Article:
In the mid-1990s, around the time that Nokia Corporation was making its watershed breakthrough on the road to becoming a global handset monolith, serious discussions were held in Finland about the country's high tax burden on foreign employees' salaries.1 Different corporate actors made the pitch that Finland's high tax rate on foreign workers could jeopardise the country's rising global competitiveness. Besides Nokia, other large Finnish-based corporations were also making significant in-roads into earlier uncharted territories. Finnish companies were steadily advancing in their international reach and needed foreign workers to increase their competence base – and they needed them now. These were interesting times in Finland and are cited as a period when the country pushed itself onto the world stage as an export-driven economy with the high-technology goods needed to satiate an increasingly interconnected international marketplace.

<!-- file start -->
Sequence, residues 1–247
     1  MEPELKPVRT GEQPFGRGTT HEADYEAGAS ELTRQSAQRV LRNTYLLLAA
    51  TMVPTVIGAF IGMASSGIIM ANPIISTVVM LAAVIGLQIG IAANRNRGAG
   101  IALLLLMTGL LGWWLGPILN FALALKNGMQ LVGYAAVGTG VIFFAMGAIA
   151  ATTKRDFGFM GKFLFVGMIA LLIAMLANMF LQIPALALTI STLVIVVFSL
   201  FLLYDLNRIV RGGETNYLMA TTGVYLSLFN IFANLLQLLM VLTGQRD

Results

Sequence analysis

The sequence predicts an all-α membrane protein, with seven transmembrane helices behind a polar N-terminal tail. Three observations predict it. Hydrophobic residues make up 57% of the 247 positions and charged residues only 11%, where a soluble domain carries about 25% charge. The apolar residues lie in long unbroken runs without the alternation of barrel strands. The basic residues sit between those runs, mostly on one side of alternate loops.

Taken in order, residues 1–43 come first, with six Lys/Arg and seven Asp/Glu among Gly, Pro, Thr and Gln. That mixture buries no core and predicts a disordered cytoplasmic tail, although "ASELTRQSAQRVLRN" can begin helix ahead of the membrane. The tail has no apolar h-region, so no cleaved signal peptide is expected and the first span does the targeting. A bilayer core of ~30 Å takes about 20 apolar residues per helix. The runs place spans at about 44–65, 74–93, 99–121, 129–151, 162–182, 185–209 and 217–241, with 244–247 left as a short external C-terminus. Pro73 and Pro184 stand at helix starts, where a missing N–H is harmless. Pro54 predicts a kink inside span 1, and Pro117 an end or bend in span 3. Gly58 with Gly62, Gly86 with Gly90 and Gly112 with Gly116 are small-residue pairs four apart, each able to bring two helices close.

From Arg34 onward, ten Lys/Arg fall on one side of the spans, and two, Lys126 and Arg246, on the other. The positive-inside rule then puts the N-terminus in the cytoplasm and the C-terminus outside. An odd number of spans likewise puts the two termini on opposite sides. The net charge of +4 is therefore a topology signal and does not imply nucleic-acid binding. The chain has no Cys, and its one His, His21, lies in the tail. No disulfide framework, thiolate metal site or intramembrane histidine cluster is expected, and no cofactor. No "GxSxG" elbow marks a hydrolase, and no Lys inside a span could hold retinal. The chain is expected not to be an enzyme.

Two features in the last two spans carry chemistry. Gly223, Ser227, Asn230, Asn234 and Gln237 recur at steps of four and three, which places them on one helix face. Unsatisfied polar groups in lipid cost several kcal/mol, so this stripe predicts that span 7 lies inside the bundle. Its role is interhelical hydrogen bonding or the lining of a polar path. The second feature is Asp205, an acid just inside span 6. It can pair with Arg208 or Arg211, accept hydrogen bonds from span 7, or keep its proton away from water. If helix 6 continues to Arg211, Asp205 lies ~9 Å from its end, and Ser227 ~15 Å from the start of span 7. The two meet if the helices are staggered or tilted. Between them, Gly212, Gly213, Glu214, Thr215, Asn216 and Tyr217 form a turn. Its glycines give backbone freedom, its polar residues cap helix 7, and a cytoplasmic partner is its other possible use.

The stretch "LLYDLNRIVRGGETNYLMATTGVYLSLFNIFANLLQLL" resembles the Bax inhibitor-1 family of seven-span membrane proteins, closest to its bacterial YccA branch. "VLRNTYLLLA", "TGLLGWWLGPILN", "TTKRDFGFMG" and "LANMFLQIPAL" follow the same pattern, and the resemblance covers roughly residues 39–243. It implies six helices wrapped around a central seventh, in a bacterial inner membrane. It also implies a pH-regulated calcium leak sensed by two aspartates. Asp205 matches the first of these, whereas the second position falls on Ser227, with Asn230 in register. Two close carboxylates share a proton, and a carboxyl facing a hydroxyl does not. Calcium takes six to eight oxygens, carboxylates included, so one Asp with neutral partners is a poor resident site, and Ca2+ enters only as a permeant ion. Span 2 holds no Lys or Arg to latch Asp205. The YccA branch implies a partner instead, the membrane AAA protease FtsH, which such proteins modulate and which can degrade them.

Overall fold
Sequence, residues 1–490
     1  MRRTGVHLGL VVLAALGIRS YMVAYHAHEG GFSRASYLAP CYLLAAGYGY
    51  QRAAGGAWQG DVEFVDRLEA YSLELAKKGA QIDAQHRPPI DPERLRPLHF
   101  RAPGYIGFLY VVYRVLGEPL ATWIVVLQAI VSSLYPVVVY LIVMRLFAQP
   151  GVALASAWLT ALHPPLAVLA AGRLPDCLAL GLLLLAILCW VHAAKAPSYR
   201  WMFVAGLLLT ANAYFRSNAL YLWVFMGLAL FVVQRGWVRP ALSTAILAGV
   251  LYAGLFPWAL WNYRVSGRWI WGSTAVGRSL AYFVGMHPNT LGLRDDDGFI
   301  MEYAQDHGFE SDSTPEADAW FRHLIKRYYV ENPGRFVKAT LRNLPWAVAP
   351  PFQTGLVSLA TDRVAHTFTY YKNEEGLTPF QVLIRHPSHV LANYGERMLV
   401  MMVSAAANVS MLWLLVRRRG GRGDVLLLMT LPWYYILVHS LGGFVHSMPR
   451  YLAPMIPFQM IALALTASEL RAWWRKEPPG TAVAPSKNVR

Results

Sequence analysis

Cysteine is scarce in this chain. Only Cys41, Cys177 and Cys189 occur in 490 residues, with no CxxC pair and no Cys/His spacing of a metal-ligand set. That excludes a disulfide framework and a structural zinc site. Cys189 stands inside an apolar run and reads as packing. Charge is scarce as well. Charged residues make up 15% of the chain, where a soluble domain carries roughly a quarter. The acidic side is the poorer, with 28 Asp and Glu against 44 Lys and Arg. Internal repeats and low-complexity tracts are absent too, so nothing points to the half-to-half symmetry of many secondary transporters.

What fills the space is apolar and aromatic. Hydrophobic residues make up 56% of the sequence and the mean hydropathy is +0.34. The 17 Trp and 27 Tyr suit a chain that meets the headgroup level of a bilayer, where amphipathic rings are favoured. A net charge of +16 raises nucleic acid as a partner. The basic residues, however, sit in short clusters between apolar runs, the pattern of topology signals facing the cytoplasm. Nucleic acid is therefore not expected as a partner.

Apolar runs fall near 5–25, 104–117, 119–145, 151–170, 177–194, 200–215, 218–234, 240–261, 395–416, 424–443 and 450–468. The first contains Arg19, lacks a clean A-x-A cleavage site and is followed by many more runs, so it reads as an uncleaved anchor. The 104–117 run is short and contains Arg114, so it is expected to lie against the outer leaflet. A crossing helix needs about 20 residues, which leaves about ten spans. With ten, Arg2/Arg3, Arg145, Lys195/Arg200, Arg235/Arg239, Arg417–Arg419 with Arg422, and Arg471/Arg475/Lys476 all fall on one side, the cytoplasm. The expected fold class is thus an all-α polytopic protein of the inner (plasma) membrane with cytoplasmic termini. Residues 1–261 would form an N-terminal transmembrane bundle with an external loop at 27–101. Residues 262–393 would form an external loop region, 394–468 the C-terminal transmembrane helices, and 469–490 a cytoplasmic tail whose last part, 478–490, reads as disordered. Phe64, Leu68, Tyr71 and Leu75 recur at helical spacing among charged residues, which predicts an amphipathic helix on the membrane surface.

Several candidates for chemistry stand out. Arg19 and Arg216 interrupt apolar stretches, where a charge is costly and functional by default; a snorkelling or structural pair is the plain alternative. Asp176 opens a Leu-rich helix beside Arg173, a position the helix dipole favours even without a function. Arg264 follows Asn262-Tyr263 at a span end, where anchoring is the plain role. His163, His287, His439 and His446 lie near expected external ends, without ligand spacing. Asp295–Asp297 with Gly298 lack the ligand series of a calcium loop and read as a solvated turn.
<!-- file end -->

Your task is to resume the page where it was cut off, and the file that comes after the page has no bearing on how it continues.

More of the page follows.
While it took some effort to initiate changes, certain key arguments were put forth by lobbying organisations that wanted a lower tax burden for certain foreign employees. It was pointed out that certain comparable countries with high tax rates, such as the Netherlands and Denmark, applied a specific relief tax scheme for foreign employees. It was also noted that foreign employers could not enjoy public benefits against the high tax burden, unlike Finnish citizens. Further, it was pointed out that the cost of living in Finland was higher than in other jurisdictions. To mitigate these negative effects, in 1995, Finland enacted a law on the withholding tax of a foreign employee.